The men all look hard, of scuffed leather shoe, tailored trousers, casual jackets, 5-day stubble, large rheumatic hands, steady stern eyes. Perhaps they had paid their dues.

To the casual observer, it seems as if the women take up more than their share of the slack. The cook, child rearer, trap-driver, house cleaner, cotton picker. Even milking cows is strictly in the female realm. No rough male hands on those teats.

The Zapatas burst into town. Men from over the hill. Tight leather leggings laced up above the knees, jeans, lumberjack shirts, Mexican-style waist coats, trim moustaches, Ray-Bans, driving their horses with the aplomb of old Argentinian gauchos.

Horse breeders, I hear the whisper. Foals canter behind, up and down the main street. Perhaps an acclimatisation exercise.

They ride their mounts in the same way as Turks drive their cars. Give somebody more than a  30m stretch, and hear the stirrups clang, or the accelerator pedal hit raw metal. And then hard on the rein or brake.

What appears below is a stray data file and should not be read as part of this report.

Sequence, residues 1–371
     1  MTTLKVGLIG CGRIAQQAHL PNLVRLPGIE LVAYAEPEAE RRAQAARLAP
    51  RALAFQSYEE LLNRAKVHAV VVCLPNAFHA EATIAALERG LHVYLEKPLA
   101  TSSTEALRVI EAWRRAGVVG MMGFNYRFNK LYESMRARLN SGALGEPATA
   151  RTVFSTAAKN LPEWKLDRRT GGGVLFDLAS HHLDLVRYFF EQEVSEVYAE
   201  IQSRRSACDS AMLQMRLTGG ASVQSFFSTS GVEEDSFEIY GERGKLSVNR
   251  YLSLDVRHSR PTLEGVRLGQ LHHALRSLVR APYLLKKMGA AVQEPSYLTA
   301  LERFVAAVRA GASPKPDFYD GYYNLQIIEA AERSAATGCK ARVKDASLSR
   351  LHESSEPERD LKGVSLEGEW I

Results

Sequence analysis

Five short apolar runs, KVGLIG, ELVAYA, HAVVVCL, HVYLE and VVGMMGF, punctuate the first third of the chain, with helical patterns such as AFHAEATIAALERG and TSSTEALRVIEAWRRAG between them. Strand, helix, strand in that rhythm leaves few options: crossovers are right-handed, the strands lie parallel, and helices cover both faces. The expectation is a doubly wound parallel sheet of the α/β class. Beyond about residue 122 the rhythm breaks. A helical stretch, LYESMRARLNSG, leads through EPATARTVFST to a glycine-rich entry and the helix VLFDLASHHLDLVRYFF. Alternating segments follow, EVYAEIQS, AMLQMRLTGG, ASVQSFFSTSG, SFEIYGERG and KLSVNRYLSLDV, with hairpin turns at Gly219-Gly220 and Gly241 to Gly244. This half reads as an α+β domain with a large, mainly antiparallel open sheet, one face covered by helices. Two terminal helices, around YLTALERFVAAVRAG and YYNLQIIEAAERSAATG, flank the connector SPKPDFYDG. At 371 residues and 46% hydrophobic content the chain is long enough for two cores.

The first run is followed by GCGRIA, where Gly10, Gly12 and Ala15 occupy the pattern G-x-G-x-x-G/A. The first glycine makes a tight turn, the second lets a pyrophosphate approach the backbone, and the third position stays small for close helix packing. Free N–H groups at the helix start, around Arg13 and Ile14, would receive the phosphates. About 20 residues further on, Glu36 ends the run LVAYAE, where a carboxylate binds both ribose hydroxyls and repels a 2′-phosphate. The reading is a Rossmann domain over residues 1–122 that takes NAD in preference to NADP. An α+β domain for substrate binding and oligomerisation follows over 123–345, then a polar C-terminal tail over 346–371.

Getting around: I hire a 100cc automatic Peugeot scooter with my ill-gotten Indonesian motor bike license.

It's timing is so out it sounds like a tin rugby ball bouncing down a flight of stairs, and issues a steady thin stream of white smoke.

"It's a 2-stroke, it's meant to smoke," says shopkeeper Halil.

"Yeah, please give me your phone number," I mutter.

100km on, in yet another 'ancient' village, Mustaphapasa, the smoking stops. Bad news. I can't get it to smoke again, and fear running the battery down.

A friendly copper offers to raise Halil. I explain my problem, and he asks "which one is that, the yellow or black one"? As if he knew they would both break, and knew which problem each would face.

"Ok, I come. Half hour."

I presume he would be taking a short cut.

"Let's see. Maybe change spark plug."


It looks as if the plug is nearly new, with only three or four months light burnt oil on it.

In goes the new one, and Peugeot purrs.